The pandemic is forcing the Red Deer Symphony Orchestra to go digital — but several local theatre troupes are jumping through health-care hoops to present live entertainment this fall.
Cow Patti Theatre in Lacombe, as well as Red Deer’s Central Alberta Theatre and Tree House Youth Theatre, are all planning to give audiences a safe — and live — entertainment experience.
It’s taking a massive effort for Cow Patti to relaunch Norm Foster’s Lunenburg, a Maritime comedy cut short by the COVID-19 lockdown last March.
Among the requirements: Two actors and the show’s director must spend two weeks in a “bubble” at their homes in Ontario before flying in for the show, said Cow Patti’s artistic director, AnnaMarie Lea.
Audience members will be seated at fewer, appropriately distanced, tables, and have to wear masks whenever they leave their chairs.
As well, Lea has ditched the buffet option at the Lacombe Golf and Country Club. While some food can still be brought to tables by servers, theatre-only performances will also be available.
Cow Patti is already seeing some payoff, since most weekend tickets for the Nov. 14 to Dec. 13 comedy’s run are already sold out.
“We were all set to have our best season yet (before the pandemic)… Busloads of seniors were coming from all over Alberta,” recalled Lea.
Like many performing arts companies across Canada, Cow Patti was financially shaken by the lockdown, having paid upfront for shows that were supposed to run for weeks, but only had a few performances.
This fall’s remount of Lunenburg “is a labour of love to bring Cow Patti out of debt, and to bring some joy to the general public — as well as ourselves, as artists,” said Lea.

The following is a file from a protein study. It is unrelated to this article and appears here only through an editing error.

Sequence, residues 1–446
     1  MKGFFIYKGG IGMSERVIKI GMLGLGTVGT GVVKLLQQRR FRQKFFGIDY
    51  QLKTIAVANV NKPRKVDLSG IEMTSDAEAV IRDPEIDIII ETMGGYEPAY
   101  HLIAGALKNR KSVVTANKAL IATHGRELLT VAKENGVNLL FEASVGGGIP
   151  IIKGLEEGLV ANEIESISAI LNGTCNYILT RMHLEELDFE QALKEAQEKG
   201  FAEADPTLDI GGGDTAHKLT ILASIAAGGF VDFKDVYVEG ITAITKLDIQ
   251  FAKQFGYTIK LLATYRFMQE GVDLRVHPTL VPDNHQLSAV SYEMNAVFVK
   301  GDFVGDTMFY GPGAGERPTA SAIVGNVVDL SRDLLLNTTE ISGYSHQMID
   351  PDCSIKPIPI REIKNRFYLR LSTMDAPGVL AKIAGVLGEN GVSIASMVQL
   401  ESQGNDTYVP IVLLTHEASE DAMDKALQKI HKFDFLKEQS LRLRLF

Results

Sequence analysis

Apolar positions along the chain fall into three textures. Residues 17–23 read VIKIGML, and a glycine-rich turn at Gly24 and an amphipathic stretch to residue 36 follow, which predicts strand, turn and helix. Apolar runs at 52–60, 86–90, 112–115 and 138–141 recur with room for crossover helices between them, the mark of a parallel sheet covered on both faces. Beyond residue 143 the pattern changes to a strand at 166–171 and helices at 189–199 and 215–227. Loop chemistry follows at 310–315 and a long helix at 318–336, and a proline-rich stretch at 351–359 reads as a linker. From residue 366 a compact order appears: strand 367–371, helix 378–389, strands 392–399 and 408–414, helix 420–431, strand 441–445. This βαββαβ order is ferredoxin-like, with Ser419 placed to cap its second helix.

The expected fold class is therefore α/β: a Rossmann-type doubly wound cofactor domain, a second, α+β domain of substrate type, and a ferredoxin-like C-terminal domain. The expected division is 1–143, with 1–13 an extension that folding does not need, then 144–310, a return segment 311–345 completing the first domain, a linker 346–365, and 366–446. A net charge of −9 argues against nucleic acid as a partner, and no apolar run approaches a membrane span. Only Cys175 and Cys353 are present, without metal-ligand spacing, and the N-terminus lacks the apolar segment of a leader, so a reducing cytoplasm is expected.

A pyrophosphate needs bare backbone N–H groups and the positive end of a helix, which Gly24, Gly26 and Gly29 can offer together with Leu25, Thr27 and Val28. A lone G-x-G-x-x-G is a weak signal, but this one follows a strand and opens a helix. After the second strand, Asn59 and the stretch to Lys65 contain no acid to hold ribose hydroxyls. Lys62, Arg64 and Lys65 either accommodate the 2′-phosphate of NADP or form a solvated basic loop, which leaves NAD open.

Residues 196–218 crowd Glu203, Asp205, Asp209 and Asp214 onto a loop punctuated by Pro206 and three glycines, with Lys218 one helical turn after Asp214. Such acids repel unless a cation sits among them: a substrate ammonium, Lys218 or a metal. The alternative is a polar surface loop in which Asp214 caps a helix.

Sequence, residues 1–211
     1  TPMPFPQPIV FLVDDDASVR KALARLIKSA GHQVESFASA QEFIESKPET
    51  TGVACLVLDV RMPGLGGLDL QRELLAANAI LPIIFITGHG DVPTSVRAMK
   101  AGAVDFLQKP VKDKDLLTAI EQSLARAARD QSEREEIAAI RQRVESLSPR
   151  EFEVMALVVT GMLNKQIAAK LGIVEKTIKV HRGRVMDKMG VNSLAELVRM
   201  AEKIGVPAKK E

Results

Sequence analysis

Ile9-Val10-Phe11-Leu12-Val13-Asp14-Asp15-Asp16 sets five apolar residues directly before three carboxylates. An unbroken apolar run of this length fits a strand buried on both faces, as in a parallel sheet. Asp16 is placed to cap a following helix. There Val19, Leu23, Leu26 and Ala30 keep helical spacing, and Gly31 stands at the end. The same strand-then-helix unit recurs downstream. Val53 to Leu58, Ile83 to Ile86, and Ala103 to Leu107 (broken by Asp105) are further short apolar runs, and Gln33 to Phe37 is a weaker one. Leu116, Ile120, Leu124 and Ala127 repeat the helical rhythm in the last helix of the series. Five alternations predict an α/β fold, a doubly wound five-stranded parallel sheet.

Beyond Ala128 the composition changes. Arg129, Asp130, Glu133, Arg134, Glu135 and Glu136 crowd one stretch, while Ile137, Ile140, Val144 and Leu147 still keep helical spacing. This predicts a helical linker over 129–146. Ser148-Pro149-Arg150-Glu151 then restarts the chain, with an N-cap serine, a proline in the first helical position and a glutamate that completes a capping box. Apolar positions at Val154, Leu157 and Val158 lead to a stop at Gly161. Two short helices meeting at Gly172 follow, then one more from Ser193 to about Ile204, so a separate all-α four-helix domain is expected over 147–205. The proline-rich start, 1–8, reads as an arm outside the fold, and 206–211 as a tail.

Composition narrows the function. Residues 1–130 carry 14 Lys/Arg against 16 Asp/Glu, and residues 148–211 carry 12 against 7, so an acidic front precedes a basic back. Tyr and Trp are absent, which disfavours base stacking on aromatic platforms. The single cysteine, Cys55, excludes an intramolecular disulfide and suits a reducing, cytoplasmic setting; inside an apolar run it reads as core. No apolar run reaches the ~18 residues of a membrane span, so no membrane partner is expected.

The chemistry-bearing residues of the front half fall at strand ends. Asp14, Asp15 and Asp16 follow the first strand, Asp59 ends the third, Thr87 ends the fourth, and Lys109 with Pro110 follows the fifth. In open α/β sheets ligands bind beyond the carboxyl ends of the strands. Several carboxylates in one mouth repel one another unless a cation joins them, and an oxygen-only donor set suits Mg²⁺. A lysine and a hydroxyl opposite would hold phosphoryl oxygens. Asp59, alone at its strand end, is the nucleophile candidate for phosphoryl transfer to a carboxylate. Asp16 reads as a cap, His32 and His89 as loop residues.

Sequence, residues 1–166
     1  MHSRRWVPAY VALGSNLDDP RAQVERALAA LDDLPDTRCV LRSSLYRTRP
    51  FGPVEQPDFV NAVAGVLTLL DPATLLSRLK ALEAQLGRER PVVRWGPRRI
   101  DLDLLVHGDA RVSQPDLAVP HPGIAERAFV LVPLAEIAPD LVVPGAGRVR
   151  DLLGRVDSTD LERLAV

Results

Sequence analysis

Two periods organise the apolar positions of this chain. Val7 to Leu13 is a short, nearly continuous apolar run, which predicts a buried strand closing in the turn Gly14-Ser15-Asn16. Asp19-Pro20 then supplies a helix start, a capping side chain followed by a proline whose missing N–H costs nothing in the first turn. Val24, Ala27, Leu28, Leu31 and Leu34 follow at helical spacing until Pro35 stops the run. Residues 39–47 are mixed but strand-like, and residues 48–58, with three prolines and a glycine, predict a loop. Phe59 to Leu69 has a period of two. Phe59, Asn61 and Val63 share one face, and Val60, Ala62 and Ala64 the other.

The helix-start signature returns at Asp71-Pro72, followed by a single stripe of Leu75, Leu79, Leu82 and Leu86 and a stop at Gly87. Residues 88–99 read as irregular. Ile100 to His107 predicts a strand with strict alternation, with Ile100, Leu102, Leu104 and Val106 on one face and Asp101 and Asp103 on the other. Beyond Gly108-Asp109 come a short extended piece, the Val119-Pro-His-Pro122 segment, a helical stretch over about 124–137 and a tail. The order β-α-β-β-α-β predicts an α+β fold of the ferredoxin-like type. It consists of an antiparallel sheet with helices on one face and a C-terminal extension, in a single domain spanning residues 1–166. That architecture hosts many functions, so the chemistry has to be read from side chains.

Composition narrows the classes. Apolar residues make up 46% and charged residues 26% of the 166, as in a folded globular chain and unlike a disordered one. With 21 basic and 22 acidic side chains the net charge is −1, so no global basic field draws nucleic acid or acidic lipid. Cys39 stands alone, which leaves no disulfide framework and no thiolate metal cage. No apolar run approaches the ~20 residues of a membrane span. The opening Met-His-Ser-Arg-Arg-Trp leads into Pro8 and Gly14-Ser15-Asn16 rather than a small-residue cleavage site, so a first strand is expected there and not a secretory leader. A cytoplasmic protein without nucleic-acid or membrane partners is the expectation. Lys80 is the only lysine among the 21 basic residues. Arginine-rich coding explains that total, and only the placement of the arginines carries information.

In Red Deer, Central Alberta Theatre’s production of the Christmas favourite, Miracle on 34th Street, is slated for a Dec. 18 and 19 run in the Memorial Centre.
Up to 100 masked audience members will be allowed to attend each performance in the 700-seat theatre, said director Craig Scott — so there will be room to socially distance.
With a cast of 18, Scott admitted that it helps to have an enormous stage.
Pandemic measures have been applied to the on-stage blocking: Scott said a scene in which a little girl sits on Santa’s lap is being rehearsed with masks — which have to come off during the actual performances, causing him some consternation.
Reducing the spread of COVID-19 “is a major concern,” he admitted.
“At the first rehearsal, I told all the actors: ‘You guys are now in a cohort… If you sniffle, if you sneeze, cough, have a stomach ache, or the flu… we do not want you here.’”
So far, “everybody is super-excited and can’t wait to get started,” he added.
Admission will be by donation and advanced bookings.
Plans are also underway for a Tree House Youth Theatre production of Romeo and Juliet, as well as the Red Deer College’s seasonal offering, The Nutcracker (with dates to be announced).
Tree House’s December shows are already sold out because of new limits on audience capacity in the already-small Nickle Studio.
Artistic director Albertus Koett said the 20 audience members and young actors will be masked — with on-stage face coverings reflective of the plot.
Koett hopes to videotape performances for wider viewing opportunities.
A Red Deer College spokesperson said face coverings and physical distancing will apply to audience members, as well as dancers, at The Nutcracker, which is hosted at RDC and co-ordinated through the school of continuing education.
Ballet dancers will also perform in cohorts to limit their on-stage interactions.
Given all of the COVID-19 precautions and protocols, the Red Deer Symphony Orchestra is playing it safe by setting aside live concerts for the fall and winter season. It is instead planning to present seven videotaped musical events.
Dates are still up in the air, but music director Claude Lapalme describes chamber concerts — some geared towards adults and some towards children.
Even creating digital entertainment has challenges — Lapalme said discussions with the musician’s union and the orchestra’s board are going slower because they can’t happen face to face.
He’s also searching for a visually interesting space — “so (video) viewers feel they are at a concert, not just seeing us play in some studio space.”
Protocols around horn playing, because of the expelled air, have to be met, “but we can always integrate the winds in later,” he added.
The first video should be available for viewing before Christmas — at no charge.
Lapalme said the orchestra is surviving this pandemic season on government grants, sponsorships and small fees charged to hold subscribers’ seats for a year.